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Money20/20: reflections on day two – banking, part one

With more than 450 speakers across around 150 sessions, delivering more than 4,000 minutes of content, Money20/20 is an outsize event for an outsize city. Day two comprised sessions focusing on payments, commerce, security, and banking.

Kicking off the banking track, host Chris Skinner issued an impassioned plea for banks to adapt or die. He explained how a third of banking jobs will disappear over the next 20 years as a result of AI-driven automation, and how a high proportion of US banks are still running core systems that are so old the programmers who know how they work are starting to die of old age. He went on to urge banks to address the lack of diversity on their boards, citing the fact that 94% of senior decision-making personnel have no knowledge of technology.

This set the scene for the next session, Blockbuster Banking: When is the Netflix Moment? Panelists from a number of new entrants tackled the question of whether banks will be rendered obsolete by fintech challengers. There seemed to be agreement that banks and fintechs need each other, with the former offering scale, trust, and security and the latter dynamism and customer-centricity.

An interesting point raised was that with consumers no longer primarily choosing their bank on the basis of branch location, brand will become a far bigger driver of choice. However, banking being one of the least differentiated industries in this respect may leave incumbents vulnerable to attack.

For any provider, old or new, to succeed in the new environment, the panelists agreed that it needs to focus on trust, prioritize customer outcomes ahead of cross-selling, and listen to customers.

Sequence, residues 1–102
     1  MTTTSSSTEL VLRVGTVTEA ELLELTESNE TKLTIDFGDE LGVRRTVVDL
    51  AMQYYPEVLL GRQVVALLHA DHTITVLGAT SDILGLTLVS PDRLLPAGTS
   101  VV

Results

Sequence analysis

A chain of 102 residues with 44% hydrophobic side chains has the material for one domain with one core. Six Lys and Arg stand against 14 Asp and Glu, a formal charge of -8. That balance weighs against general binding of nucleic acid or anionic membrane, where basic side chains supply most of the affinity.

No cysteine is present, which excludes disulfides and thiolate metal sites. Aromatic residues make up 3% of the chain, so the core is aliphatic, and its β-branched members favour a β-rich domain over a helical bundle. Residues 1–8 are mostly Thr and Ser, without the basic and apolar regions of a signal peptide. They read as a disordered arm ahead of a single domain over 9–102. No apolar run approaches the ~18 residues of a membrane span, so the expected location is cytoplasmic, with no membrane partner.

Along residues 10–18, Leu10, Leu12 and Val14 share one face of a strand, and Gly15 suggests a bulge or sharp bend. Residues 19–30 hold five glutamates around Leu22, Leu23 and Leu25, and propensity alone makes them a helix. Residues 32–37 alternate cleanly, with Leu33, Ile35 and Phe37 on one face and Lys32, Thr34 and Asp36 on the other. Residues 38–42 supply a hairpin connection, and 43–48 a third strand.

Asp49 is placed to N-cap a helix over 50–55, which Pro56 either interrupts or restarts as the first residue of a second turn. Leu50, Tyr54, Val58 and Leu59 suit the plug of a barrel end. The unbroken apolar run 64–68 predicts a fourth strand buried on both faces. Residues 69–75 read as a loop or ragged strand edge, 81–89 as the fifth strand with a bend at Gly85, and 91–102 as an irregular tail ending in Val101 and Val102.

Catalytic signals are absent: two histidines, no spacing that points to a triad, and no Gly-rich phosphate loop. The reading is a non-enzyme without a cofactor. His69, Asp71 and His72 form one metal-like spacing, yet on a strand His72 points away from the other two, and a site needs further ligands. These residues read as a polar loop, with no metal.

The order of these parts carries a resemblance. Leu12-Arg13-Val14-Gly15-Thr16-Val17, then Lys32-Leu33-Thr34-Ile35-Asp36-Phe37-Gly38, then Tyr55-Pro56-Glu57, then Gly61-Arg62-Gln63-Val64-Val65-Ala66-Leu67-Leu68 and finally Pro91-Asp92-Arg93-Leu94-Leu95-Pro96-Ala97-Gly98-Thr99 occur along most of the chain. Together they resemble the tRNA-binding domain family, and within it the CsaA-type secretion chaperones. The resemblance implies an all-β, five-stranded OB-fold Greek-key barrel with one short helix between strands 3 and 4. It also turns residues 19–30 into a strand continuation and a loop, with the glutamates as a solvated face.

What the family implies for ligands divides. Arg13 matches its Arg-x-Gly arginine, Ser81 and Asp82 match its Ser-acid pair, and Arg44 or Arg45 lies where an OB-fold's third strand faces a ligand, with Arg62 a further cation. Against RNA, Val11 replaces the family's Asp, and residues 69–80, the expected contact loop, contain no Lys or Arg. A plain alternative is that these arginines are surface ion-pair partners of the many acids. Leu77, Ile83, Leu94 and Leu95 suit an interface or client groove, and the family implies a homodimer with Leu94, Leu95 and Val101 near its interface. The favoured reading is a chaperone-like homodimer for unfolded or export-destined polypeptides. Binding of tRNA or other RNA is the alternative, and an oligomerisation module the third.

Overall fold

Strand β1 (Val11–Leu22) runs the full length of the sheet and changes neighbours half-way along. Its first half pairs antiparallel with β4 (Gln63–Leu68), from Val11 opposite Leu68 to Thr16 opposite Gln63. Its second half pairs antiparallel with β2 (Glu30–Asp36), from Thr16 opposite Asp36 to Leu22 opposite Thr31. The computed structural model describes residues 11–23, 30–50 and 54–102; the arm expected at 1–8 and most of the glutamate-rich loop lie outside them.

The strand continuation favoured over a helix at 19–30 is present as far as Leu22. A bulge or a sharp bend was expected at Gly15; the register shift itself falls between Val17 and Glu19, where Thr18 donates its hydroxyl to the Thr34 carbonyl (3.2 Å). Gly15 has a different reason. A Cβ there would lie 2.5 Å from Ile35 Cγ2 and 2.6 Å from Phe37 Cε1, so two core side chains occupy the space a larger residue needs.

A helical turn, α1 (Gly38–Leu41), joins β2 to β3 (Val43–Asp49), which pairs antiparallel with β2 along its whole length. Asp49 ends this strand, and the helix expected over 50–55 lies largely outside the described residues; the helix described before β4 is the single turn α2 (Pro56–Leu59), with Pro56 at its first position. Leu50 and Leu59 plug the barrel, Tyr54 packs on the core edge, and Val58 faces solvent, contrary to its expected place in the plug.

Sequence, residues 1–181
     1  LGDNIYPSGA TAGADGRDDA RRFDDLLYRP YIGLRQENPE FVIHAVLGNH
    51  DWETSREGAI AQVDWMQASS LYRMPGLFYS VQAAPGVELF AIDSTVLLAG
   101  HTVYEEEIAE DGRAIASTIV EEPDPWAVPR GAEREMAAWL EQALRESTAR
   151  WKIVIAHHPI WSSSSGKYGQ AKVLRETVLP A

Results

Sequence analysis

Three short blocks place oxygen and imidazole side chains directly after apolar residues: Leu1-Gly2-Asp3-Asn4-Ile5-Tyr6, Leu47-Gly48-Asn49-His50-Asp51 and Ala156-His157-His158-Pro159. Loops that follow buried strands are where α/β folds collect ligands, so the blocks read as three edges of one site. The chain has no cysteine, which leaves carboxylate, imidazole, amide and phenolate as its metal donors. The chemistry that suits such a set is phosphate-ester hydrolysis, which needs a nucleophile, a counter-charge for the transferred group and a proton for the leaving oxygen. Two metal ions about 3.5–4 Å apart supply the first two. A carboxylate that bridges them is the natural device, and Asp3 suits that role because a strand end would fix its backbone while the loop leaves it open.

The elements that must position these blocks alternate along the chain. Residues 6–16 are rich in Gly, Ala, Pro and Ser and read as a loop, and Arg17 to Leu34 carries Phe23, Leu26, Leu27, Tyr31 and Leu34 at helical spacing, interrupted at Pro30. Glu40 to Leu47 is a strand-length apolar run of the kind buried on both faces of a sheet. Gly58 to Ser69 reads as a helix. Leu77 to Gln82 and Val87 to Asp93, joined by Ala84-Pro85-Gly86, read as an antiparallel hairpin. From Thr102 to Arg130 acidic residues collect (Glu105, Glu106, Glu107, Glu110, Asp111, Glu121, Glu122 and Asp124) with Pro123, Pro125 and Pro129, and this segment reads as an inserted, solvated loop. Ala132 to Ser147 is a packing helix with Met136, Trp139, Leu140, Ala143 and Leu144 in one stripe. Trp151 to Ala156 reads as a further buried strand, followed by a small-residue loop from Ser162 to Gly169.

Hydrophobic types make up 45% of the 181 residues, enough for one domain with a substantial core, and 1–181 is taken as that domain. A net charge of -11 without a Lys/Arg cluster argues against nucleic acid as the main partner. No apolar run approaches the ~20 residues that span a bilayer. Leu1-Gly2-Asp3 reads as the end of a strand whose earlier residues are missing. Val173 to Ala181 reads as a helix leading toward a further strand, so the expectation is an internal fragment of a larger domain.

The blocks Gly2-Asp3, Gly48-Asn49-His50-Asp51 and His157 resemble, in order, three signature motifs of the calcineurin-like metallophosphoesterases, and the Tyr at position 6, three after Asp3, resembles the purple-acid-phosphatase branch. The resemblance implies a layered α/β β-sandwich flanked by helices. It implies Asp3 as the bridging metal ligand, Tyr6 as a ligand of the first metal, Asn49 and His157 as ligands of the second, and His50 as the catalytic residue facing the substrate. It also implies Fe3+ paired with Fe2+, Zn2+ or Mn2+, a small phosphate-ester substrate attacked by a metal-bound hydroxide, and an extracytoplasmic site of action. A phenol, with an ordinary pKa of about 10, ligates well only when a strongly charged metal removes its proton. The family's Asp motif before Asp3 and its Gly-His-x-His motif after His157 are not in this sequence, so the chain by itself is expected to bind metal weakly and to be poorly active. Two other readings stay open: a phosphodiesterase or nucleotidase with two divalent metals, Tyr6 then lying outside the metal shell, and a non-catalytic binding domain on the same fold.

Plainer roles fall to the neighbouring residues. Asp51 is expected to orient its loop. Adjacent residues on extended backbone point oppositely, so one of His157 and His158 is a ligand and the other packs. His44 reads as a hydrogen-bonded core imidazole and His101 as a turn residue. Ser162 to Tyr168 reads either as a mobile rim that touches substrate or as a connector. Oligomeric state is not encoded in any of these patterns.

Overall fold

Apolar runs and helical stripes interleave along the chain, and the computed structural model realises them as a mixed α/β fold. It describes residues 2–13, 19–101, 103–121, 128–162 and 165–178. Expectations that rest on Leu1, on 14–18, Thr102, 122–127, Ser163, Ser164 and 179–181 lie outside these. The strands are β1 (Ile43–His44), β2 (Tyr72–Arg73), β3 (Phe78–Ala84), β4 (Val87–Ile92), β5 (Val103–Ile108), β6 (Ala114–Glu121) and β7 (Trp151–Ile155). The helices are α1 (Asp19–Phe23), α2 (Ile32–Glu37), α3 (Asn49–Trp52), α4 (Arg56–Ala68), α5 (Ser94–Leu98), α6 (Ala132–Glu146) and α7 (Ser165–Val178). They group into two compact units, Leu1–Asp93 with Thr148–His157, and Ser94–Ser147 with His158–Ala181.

In a fact-filled presentation, Jeff Yabuki of Fiserv identified the four key trends that will drive change in banking. These are:

  • Digital experience: By 2020 there will be 50 billion connected devices in existence worldwide. This makes a digital engagement strategy essential, but with 60% of consumers still using branches, an omni-channel approach is needed.
  • War for payments: Non-cash payments in the US amount to $75tn per year, creating a market worth $400bn. By 2020, P2P payments alone will be worth $300bn.
  • Reimagining lending: How will loans be decisioned and what assets will be financed? Car ownership, for example, may decline, leading to reduced demand for motor finance. $600bn in interest income in the US is driving significant interest from alternative lenders.
  • Power of analytics: Data creation is growing exponentially, with 90% of all data in human existence generated in the last two years. Combining transactional data with machine learning will enable banks to improve customer engagement.

Every speaker agreed that banking is in the midst of a technology-driven revolution. But there were different opinions about how much the incumbents would ultimately be affected. While Skinner was insistent about the risks to banks’ very existence, others were more sanguine, and felt that banks will reach an accommodation with the challengers. For now, this will remain an open question.

By Daoud Fakhri, Prinicipal Retail Banking Analyst

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